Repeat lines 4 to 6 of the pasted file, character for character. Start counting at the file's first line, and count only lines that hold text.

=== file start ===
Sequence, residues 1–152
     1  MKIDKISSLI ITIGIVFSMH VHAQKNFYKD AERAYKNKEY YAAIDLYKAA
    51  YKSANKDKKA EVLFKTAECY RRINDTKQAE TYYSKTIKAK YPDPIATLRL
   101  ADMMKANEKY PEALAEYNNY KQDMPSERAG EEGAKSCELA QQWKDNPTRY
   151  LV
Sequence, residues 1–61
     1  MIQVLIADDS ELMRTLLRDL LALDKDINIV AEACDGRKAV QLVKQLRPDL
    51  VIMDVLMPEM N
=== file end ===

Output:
   101  ADMMKANEKY PEALAEYNNY KQDMPSERAG EEGAKSCELA QQWKDNPTRY
   151  LV
Sequence, residues 1–61